Bowling with the Vanderbilts
"Roughing it" means different things to different people. To the Vanderbilts and their contemporaries, it meant heading off into the woods . . . and setting up camp in absolutely luxurious estates. These sprawling "Great Camps" -- many built in the late 19th and early 20th centuries -- spanned countless acres of prime forest, with small fiefdoms of beautifully crafted buildings providing shelter and other necessities, such as hot water and indoor plumbing. Several are still standing today, while remnants of others can also be found.
One Great Camp you can visit is the rustic, deserted Camp Santanoni in Newcomb, just north of Route 28N (tel. 518/834-9328). Its 45 buildings are spread out over 12,900 acres. There are no furnishings anymore, and the buildings are closed to the public, but come here to enjoy the beautiful architecture from the outside in this serene, mysterious setting. The camp is open year-round, but there's a catch: You have to hike or ski 5 miles to get here. Guided tours are seldom offered, but interpreters are on-site from late June through August.
Great Camp Sagamore, 4 miles south of Raquette Lake (tel. 315/354-5311; www.sagamore.org), lets you see how the Vanderbilts themselves went camping. Their 27-building summer retreat for over 50 years even included its own bowling alley. Tours are offered daily from late June to Labor Day at 10am and 1:30pm, daily from Labor Day to mid-October at 1:30pm, and weekends from Memorial Day to late June at 1:30pm.
The two camps are about 40 miles apart; on these winding roads, that could take some time to drive, so don't expect to see both in the same day, especially with the hiking involved at Santanoni. Great Camp Sagamore is about 17 miles west of the Adirondack Museum in Blue Mountain Lake, and Santanoni about 25 miles east.
Especially For Kids
The Lake George area is a veritable wonderland for children, providing plenty of indoor and outdoor amusements. For kids -- and adults with a weakness for nostalgia -- it doesn't get any better than Old Forge's Enchanted Forest, 3183 Rte. 28 (tel. 315/369-6145; www.watersafari.com), with colorful giant statues of Santa Claus, Smokey the Bear, and Uncle Sam; amusement park rides; and a huge water theme park (daily May to Labor Day). Speaking of huge, Six Flags' Great Escape, 1172 State Rte. 9, Queensbury (tel. 518/792-3500; www.sixflags.com), includes Storytown, Ghost Town, and the Splashwater water park (May to early Sept). In Lake George, there are thrills of a creepier kind: Dr. Morbid's Haunted House, 115 Canada St. (tel. 518/668-3077; www.drmorbid.com) and House of Frankenstein Wax Museum, 213 Canada St. (tel. 518/668-3377; www.frankensteinwaxmuseum.com). Lovers of kitschy minigolf shouldn't miss Around the World Golf, Beach Road (tel. 518/668-3223; www.aroundtheworldgolf.com), where you can choose to putt around the U.S. (complete with the Empire State Building) or the world (with the Egyptian pyramids).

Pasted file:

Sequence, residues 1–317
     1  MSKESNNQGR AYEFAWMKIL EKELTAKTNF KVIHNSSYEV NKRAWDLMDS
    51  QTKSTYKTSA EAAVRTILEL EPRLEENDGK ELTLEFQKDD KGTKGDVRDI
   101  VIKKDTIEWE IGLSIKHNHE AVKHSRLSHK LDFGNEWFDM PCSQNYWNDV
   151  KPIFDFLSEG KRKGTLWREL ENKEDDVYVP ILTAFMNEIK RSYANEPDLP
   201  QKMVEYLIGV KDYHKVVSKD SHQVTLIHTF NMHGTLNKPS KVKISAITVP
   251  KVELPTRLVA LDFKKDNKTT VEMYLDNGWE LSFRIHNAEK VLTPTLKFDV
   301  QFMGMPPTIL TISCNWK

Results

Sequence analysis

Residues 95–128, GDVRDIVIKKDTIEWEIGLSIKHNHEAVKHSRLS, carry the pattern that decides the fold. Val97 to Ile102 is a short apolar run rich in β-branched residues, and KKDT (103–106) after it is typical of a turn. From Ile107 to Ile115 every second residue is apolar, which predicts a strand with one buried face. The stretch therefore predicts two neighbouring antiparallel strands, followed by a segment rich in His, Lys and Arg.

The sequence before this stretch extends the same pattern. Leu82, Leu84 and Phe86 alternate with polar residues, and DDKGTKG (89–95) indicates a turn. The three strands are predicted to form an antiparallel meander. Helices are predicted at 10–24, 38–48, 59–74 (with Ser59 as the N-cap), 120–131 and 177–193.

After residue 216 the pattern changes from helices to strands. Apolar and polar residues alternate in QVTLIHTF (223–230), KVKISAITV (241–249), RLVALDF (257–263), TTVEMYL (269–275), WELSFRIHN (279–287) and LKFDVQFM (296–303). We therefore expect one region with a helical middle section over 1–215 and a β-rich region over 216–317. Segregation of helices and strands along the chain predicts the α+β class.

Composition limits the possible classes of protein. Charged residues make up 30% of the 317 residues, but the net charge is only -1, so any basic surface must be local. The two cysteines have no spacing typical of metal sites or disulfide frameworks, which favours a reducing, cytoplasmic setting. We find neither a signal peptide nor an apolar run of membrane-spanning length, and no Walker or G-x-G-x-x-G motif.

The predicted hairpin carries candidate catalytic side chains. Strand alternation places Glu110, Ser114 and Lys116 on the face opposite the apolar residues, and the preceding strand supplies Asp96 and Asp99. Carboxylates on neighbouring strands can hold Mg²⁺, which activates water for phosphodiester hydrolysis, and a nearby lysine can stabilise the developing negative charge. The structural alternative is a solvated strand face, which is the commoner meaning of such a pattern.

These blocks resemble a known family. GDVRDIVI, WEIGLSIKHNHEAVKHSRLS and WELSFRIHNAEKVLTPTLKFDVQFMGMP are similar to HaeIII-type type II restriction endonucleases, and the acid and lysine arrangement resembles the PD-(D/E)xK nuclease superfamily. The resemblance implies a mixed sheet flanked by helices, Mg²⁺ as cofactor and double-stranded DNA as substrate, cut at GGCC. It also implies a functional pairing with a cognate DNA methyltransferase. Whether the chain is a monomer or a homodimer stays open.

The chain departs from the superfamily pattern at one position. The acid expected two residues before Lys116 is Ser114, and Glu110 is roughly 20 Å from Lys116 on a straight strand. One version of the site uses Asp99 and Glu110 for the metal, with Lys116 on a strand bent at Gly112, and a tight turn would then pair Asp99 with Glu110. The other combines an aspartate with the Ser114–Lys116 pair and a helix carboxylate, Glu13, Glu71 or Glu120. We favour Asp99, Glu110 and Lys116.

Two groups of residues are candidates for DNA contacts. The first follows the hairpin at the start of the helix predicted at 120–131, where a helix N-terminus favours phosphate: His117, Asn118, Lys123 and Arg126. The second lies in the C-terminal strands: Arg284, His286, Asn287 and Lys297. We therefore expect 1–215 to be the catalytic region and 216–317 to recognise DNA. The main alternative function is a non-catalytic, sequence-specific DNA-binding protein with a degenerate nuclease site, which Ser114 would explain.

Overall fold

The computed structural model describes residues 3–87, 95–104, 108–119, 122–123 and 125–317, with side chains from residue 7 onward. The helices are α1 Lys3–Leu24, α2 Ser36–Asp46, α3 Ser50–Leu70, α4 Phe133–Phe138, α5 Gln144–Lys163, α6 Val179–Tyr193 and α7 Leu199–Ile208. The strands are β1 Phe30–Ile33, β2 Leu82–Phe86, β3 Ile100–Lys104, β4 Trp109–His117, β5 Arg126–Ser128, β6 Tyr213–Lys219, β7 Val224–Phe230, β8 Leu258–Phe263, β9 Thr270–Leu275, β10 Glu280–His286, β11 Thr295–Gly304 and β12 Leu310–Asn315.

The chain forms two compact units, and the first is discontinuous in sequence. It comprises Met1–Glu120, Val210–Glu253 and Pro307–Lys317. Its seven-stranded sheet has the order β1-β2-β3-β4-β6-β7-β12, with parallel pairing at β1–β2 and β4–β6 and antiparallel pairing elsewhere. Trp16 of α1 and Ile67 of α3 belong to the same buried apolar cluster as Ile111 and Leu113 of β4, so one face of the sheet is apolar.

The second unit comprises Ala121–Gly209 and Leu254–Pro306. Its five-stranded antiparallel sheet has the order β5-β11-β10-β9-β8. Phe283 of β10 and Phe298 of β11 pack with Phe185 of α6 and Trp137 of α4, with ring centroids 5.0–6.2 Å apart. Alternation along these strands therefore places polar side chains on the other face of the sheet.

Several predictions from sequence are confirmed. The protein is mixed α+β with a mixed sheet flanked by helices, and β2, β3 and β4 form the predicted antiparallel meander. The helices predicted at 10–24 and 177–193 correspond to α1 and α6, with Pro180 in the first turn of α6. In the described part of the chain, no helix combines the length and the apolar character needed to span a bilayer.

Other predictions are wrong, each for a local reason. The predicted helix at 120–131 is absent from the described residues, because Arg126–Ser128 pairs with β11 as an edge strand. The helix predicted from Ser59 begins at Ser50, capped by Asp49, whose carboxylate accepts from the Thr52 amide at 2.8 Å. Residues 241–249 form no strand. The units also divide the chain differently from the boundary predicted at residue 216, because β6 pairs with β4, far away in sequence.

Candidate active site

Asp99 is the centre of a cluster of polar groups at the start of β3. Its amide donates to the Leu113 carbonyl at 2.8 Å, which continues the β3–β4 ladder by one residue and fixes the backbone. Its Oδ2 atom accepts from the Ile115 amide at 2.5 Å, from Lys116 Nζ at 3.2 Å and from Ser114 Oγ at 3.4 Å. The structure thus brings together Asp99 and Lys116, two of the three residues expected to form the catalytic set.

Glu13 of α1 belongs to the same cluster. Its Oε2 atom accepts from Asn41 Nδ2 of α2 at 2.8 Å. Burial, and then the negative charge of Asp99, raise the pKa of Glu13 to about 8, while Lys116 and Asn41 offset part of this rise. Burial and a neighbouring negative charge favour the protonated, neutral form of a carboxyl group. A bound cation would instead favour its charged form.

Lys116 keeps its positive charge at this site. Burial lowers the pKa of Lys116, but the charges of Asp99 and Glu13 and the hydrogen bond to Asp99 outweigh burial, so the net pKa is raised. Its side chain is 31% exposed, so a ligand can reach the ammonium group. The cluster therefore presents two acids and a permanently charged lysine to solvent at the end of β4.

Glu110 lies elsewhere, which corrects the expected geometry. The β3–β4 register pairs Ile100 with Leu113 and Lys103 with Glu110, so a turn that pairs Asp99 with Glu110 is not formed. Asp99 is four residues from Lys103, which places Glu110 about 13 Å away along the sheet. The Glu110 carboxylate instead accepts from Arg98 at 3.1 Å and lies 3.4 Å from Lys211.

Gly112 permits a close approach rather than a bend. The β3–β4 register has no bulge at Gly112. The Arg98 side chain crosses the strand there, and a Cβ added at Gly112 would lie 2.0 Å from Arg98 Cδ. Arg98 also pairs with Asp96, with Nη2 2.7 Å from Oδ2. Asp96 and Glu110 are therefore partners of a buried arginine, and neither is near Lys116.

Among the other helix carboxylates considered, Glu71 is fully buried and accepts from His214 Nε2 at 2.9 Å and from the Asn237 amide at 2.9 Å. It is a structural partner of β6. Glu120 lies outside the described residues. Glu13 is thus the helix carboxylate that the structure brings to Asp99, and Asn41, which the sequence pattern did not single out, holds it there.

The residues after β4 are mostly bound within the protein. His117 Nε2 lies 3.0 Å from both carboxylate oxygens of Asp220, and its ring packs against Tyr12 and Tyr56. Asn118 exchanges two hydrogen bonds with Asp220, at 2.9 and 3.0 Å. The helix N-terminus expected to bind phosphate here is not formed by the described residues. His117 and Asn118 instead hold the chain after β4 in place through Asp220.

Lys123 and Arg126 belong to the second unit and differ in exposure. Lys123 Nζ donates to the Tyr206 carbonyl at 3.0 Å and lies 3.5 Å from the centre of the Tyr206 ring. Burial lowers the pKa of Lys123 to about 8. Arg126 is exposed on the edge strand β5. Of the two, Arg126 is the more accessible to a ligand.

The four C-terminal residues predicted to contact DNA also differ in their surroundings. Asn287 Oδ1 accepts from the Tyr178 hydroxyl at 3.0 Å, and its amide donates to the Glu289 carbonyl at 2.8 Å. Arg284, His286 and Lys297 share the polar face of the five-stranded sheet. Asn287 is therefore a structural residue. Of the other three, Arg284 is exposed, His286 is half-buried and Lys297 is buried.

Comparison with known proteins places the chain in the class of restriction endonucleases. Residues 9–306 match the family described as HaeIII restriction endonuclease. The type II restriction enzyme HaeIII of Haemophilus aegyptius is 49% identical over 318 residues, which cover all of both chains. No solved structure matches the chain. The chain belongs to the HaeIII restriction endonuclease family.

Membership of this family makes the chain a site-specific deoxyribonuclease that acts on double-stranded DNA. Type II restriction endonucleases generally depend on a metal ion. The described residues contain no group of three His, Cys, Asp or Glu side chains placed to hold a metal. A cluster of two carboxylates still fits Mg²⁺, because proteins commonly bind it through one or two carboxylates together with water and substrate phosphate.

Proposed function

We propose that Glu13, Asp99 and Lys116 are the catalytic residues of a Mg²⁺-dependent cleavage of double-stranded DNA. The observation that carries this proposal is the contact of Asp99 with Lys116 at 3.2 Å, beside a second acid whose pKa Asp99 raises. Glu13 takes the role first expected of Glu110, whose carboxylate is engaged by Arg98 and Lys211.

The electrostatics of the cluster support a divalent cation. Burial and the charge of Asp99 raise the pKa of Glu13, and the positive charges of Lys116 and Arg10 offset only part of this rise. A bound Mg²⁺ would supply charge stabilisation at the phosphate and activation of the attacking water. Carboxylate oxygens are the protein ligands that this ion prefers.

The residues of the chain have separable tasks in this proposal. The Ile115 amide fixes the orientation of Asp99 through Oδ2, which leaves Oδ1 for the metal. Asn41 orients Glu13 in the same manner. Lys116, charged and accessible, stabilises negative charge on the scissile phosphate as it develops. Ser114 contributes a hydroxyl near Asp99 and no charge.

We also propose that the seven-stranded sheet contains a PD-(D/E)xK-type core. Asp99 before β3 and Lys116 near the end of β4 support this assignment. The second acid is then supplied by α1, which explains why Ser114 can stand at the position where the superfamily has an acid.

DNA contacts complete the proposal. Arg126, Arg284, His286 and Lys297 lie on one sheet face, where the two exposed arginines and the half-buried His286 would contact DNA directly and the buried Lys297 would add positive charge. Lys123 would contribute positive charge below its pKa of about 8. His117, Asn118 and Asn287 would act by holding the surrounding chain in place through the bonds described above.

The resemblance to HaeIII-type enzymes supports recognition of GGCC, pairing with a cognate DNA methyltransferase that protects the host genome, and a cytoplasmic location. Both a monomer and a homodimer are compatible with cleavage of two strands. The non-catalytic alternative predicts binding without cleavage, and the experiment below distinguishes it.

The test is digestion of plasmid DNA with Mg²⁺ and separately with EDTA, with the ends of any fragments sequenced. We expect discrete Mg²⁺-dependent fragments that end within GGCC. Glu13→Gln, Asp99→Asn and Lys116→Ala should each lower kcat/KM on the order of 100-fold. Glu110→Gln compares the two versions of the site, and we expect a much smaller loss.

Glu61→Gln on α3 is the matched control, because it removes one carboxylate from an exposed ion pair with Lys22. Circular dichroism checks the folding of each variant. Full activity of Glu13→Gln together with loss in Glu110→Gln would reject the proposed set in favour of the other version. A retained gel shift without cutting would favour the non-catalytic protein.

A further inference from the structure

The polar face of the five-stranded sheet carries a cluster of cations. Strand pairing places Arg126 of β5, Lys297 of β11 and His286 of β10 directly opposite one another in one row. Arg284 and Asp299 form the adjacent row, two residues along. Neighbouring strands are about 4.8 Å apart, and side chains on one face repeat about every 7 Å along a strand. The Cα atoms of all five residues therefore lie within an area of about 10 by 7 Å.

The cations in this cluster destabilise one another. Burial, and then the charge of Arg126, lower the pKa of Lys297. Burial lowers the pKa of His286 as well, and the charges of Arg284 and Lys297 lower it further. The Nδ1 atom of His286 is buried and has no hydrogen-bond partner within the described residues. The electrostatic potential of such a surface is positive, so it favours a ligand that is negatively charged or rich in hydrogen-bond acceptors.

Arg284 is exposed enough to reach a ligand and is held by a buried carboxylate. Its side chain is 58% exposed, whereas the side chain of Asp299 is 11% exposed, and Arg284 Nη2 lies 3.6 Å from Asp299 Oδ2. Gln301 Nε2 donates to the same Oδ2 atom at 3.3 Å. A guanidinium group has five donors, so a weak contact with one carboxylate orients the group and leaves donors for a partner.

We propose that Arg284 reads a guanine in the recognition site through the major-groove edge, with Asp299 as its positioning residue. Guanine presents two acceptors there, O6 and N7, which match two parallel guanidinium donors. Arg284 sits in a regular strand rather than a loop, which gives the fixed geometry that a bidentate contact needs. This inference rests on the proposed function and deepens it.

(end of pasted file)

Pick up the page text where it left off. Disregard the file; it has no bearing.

Note: This information was accurate when it was published, but can change without notice. Please be sure to confirm all rates and details directly with the companies in question before planning your trip.